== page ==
* Web firms' data proves irresistible to law enforcers
* Demands to hand over user data have become routine
* U.S. operators receive estimated 300,000 requests a year
* Operators under pressure to collect data they don't need
By Georgina Prodhan
NAIROBI, Sept 30 Internet companies such as
Google, Twitter and Facebook are increasingly co-opted for
surveillance work as the information they gather proves
irresistible to law enforcement agencies, Web experts said this
Although such companies try to keep their users' information
private, their business models depend on exploiting it to sell
targeted advertising, and when governments demand they hand it
over, they have little choice but to comply.
Suggestions that BlackBerry maker RIM might give
user data to British police after its messenger service was used
to coordinate riots this summer caused outrage -- as has the
spying on social media users by more oppressive governments.
But the vast amount of personal information that companies
like Google collect to run their businesses run has
become simply too valuable for police and governments to ignore,
delegates to the Internet Governance Forum in Nairobi said.
"When the possibility exists for information to be obtained
that wasn't possible before, it's entirely understandable that
law enforcement is interested," Google's Chief Internet
Evangelist Vint Cerf told Reuters in an interview.
"Then the issue would be, what's the right policy? And that,
or course, engenders a lot of debate," said Cerf, who is
recognised as one of the "fathers of the Internet" for his early
work in areas including communications protocols and email.
Demands from governments for Internet companies to hand over
user information have become routine, according to online
privacy researcher and activist Christopher Soghoian, who makes
extensive use of freedom-of-information requests in his work.
"Every decent-sized U.S. telecoms and Internet company has a
team that does nothing but respond to requests for information,"
Soghoian told Reuters in an interview.
Soghoian estimates that U.S. Internet and telecoms companies
may receive about 300,000 such requests in connection with law
enforcement each year -- but public information is scarce.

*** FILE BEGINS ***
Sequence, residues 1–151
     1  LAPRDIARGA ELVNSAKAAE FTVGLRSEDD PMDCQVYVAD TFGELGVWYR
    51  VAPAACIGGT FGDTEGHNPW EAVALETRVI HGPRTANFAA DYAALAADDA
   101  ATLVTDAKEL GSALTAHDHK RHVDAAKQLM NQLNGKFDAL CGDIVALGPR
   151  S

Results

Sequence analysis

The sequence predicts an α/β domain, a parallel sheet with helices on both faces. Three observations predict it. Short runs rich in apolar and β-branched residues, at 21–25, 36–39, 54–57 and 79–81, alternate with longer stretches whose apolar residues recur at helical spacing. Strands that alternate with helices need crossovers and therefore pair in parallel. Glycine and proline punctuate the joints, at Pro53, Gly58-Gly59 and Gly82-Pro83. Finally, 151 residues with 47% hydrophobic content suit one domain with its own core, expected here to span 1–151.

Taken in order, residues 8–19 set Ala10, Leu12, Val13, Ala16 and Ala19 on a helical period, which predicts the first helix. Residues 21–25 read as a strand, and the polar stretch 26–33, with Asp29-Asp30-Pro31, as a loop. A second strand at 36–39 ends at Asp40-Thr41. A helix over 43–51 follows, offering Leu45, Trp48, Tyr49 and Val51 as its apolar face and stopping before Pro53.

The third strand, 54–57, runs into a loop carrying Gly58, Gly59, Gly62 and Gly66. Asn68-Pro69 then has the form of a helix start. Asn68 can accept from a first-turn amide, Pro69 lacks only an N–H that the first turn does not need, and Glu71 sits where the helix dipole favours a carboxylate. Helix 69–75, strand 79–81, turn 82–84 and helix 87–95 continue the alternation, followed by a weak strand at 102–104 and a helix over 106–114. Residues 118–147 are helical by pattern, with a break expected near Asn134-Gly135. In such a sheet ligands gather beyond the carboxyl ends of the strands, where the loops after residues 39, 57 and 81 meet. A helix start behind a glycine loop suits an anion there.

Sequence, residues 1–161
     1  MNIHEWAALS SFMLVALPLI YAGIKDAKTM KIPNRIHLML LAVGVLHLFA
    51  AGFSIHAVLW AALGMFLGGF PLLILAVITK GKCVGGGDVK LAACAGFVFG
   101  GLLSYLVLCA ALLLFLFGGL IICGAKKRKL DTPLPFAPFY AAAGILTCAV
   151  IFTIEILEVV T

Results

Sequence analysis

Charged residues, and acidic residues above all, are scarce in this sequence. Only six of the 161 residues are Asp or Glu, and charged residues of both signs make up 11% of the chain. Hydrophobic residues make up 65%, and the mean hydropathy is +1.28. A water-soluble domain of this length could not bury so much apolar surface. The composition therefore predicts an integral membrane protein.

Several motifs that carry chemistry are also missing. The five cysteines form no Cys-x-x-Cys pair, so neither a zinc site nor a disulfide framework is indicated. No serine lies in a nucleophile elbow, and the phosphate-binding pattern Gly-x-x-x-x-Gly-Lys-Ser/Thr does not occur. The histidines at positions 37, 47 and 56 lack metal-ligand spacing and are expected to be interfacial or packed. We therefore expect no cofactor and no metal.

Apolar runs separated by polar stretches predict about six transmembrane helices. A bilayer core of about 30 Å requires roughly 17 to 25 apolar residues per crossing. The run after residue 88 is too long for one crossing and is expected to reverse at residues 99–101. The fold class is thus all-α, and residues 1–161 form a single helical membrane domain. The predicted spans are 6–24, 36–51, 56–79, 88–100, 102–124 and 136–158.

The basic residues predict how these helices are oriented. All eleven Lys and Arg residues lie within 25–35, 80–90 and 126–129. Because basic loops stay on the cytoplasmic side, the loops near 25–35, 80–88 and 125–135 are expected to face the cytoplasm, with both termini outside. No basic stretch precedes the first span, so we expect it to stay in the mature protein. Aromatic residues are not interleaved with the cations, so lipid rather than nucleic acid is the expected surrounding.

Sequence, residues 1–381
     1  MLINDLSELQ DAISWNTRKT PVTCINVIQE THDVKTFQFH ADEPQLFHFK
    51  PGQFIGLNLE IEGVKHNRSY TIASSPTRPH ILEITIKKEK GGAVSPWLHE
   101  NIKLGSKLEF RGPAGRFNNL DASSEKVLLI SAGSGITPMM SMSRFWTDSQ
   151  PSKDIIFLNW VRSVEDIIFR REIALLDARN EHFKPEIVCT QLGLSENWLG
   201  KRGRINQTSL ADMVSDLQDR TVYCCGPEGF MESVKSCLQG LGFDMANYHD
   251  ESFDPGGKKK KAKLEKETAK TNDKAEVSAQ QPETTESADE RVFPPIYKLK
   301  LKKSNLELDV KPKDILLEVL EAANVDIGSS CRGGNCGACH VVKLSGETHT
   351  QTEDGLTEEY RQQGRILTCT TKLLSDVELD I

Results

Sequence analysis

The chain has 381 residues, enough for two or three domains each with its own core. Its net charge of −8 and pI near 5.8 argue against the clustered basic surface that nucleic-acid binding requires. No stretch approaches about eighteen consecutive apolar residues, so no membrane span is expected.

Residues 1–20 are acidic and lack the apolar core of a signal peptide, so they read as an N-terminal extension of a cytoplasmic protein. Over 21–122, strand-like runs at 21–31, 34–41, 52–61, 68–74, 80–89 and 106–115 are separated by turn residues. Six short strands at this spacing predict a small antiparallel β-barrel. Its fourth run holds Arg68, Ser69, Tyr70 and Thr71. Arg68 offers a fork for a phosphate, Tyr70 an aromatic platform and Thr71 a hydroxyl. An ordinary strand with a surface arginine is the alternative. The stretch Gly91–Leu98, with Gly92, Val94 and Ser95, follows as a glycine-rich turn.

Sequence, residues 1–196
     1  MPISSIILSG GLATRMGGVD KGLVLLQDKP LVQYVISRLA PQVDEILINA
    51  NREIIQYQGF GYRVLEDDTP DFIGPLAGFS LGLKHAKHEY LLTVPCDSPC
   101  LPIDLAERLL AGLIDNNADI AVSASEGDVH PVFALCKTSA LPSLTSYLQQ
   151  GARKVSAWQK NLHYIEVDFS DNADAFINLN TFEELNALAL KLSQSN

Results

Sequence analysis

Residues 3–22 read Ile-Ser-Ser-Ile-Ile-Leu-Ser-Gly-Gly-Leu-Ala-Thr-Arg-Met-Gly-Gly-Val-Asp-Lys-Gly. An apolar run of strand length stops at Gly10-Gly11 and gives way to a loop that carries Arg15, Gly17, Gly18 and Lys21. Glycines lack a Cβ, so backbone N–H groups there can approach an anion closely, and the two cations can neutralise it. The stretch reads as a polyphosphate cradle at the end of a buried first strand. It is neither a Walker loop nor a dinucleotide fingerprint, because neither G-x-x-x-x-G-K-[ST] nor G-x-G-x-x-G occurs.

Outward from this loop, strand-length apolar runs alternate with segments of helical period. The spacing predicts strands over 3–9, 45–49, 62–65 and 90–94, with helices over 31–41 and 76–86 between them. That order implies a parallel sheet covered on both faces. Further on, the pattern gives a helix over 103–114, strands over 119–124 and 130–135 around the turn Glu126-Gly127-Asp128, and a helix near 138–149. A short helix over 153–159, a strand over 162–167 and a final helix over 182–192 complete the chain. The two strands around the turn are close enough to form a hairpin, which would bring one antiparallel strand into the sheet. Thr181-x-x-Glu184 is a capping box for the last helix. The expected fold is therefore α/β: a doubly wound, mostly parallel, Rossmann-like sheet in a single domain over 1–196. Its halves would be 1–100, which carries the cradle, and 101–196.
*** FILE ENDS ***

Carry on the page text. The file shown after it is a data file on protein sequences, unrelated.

While U.S. courts are obliged to publish reports on
wire-tapping of telephone lines, no similar information is
required to be made public with respect to the Internet -- which
grew up after the laws on electronic communications were passed.
Google does voluntarily publish a transparency report every
six months in which it details the number of requests it
receives from governments around the world to remove content
from its services or hand over user data.
But the numbers do not reveal how many users are affected by
each request -- only trends country by country
Some governments are requiring Internet companies to collect
more data and keep it for longer, said Katarzyna Szymielewicz,
executive director of Poland's Panoptykon Foundation, which
campaigns for human rights in light of modern surveillance.
"Government agencies throughout the world are pushing
companies to collect even more data than is needed for their
business purposes," she told the conference.
"For example, we have a very controversial data retention
regime which is currently under review. This requires people to
store data for a period up to two years so it can easily be
accessed by law enforcement agencies."
The ease and cost of surveillance are at an all-time low,
Soghoian said, with Google charging an administrative fee of $25
to hand over data, Yahoo charging $20, and Microsoft
and Facebook providing data for free.
"Now, one police officer from the comfort of their desk can
track 20, 30, 50 people all through Web interfaces provided by
mobile companies and cloud computing companies," he said.
"The marginal cost of surveilling one more person is now
essentially approaching zero."
(Reporting by Georgina Prodhan; Editing by Will Waterman)